The Man Who Put a Curse on Muhammad Ali by Norman Giller – Review
By Karl Hornsey
This is the sort of niche book that Pitch Publishing have become so good at releasing over the years, allowing an author to craft a book about a specific incident or event, while placing it in a wider context for fans or lovers of the sport or sportsperson in question. In this case, it’s an addition to the huge library of books written about Muhammad Ali, arguably the most famous sportsperson who ever lived, but focusing on the travails of an underdog from Yorkshire and the remarkable sequence of events that led up to their fight for the world heavyweight boxing crown.
Sadly for prolific author, boxing promoter, scriptwriter and journalist Normal Giller, he was unable to include the thoughts of Halifax-born Richard Dunn, the man at the heart of this story, as he battles the effects of dementia, doubtless brought on by a brutal life in the ring. But it’s a story told very much from the inside, as Giller was promoting the fight, which took place in Munich in 1976, in circumstances that even the word chaotic doesn’t come close to covering. The events that unfolded most definitely fall into the category of ‘you couldn’t make it up’, and indeed were a film-maker to have brought this to the screen and said it was based on real life, I’m not sure many people would believe them.
It’s a story that works on many levels. There’s the tale of the heroic underdog taking on a champion revered by millions for his life and career both inside and outside of the ring. There’s a look behind the scenes of a time when even world heavyweight title fights had more than an air of amateurism about them, and the angle of how many people attached themselves to the fight and jumped on the opportunity of spending some time in the spotlight. Giller was at the heart of all this, spoke at length to both Dunn and Ali, and his liking, almost love, for them shines through, as does his enthusiasm for those days almost 50 years ago when so many bizarre circumstances contrived to create an unforgettable, shambolic event.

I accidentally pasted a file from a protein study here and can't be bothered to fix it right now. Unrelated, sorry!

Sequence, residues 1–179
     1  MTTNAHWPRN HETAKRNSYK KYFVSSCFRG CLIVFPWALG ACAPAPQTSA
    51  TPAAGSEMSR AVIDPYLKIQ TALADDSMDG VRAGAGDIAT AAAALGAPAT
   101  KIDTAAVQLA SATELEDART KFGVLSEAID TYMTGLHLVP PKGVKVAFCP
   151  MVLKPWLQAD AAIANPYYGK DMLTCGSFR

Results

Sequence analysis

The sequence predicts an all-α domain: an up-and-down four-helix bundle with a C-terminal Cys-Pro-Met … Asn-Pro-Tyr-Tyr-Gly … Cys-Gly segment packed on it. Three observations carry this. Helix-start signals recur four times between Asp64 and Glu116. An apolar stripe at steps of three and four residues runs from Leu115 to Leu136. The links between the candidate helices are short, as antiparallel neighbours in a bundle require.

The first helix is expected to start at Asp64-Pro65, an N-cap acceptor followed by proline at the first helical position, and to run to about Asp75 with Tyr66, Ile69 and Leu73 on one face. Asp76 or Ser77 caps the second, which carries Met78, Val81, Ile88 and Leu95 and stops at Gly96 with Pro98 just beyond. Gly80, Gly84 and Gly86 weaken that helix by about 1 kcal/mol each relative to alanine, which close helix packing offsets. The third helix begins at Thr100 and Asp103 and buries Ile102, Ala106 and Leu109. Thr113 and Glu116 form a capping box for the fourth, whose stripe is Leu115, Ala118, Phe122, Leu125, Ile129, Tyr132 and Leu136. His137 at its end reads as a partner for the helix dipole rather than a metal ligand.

I would have liked to know more about Dunn, to really delve deeper into his life, especially as Ali’s story has been told so often, and I was surprised that only half of this book is actually about the Dunn/Ali fight, with the second half a potted history of heavyweight boxing, going into great depth about the champions who have claimed the various titles, along with some Ali quotes, timeline and ring record. There’s an incredible story to be told and it’s told well, but some more depth about the characters involved would have stretched that story further and given Dunn his due place at the centre of events for his brief period in the limelight. Despite that, the sheer bizarre nature of this true tale, the enthusiasm of the author and the throwback to a more innocent and naïve time, make it well worth a look.
‘The Man Who Put a Curse on Muhammad Ali’ by Norman Giller is available from pitchpublishing.co.uk